Shiro and Allura were frazzled when the others saw them again. The both of them were escorted by two teenagers who kept giggling and saying that they would like to play again with the strong big sister and not so strong big brother.

Now what was the source of the noise that made everyone stood still on their own feet?

Well, after they were escorted to what seemed like a common room, three more people entered. One was Lance that was for sure, the other was a man that badly needs a sleep based from the bags under his eyes, the last one was a woman who was a few inches smaller than Lance but she still managed to fill the room with a commanding aura.

That very same woman walked towards Allura, smiled friendly at her which the Princess returned, and then slapped the Altean without a warning which stunned everyone.

“You…” a venomous tone escaped the woman. If Allura was not still in shock she would have probably already stood up from the sofa to defend herself, “…you dared kidnapped my Fratellino? For five whole years?”

“I’m…I’m not sure what you mean—!” the woman backhanded Allura on the other side of her cheek. It was a slapped for the second time.

Shiro looked around. On one side, all of them from the team Voltron with the exemption of Lance were all tensed. On the other side, the Salazar’s were all sitting comfortably on their own spots. What was more confusing was that Lance was just watching the scene like he was watching a soap opera judging by that Cheshire cat grin of his.

“My. Little. Brother. Lance. Salazar. Our. Fratellino.” Each word was accompanied by a jab of a finger straight to Allura’s chest. “Care to explain?”

“Falcata.” Shiro was about to stand up and help their Princess but he was stopped by a deep baritone voiced. The woman who slapped Allura shifted her eyes slightly to the right in order to look at the man who chose to lean on the wall, “Stop that, don’t abused our guests.”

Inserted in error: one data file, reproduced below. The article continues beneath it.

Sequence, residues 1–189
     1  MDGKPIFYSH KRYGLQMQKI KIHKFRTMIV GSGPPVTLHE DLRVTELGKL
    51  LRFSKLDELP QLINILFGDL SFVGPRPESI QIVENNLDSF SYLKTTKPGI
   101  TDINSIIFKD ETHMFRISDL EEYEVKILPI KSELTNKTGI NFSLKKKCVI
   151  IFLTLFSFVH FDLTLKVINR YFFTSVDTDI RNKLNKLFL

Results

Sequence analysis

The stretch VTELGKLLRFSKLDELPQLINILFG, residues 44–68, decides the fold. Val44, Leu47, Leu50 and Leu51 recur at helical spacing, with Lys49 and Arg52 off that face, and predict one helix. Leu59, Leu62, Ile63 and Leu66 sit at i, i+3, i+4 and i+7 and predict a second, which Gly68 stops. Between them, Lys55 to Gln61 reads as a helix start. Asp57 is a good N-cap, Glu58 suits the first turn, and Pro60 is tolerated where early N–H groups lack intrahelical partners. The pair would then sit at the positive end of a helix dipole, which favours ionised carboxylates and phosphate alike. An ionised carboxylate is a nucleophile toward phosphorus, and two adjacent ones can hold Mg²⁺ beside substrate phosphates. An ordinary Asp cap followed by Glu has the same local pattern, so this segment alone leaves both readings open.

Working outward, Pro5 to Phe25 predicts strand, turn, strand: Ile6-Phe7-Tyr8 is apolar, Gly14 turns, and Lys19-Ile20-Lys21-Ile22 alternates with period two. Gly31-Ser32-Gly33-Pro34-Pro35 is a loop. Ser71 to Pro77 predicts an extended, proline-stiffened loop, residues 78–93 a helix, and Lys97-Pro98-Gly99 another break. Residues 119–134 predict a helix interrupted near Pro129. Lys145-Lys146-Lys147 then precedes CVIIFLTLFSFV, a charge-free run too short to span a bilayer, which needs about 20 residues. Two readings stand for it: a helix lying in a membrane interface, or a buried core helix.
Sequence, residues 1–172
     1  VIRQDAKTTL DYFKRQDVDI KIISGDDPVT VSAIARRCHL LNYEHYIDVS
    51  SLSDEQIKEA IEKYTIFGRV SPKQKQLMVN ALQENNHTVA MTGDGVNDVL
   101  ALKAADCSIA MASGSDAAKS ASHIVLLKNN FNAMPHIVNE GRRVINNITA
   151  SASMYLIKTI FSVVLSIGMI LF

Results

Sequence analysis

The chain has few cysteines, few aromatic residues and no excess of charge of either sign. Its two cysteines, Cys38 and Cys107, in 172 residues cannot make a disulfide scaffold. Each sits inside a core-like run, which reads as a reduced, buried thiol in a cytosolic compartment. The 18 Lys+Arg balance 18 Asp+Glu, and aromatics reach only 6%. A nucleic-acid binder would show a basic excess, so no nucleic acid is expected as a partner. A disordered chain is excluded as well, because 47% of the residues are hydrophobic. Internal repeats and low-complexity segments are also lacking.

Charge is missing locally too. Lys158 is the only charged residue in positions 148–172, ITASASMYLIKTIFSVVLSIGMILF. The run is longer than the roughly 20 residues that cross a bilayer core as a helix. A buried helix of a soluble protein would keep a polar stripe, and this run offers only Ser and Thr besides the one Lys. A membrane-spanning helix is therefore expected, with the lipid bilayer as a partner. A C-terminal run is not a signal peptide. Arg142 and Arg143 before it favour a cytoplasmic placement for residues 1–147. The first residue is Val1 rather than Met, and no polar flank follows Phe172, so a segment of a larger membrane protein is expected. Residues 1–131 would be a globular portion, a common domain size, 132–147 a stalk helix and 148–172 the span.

“Abuse? Me?!” if Shiro was not focused to this Falcata person then he would have thought she said it in disbelief but he was staring at her and the crazed grin on her face says otherwise.

“Fratello is right, Falcata. At least let them say the side of their story. I can’t even believe you made me summarized everything that happened in five years for just two hours.” Lance was lying on the sofa in front of the other Paladins and his head as on top of Khanda’s lap. Said older Salazar was just happily combing Lance’s hair with his right hand.

“I can’t believe this!” Falcata turned around and addressed the Blue Paladin directly who was now starting to release a purr like tone when Khanda started using his nails. “For five years and the first thing you do was to take Halberd’s side?!”

“Correction, the first thing I did was to answer your demand to have my teammates attacked by your men. Then make a summarized report to you.”

“Oooohhhh…” Sickle, as Shiro have gathered earlier, leaned forward and seemed like expecting more for the situation at hand, “Sassy Hermano is back!”

“Sassy Fratello is back!” Spear repeated but using another language for brother.

Falcata puffed her cheeks before scoffing and crossing her arms in front of her chest, “Fine! Be like that!”

The others just laughed at her childish reaction while Halberd simply sighed.

“I believe introductions are now in order.”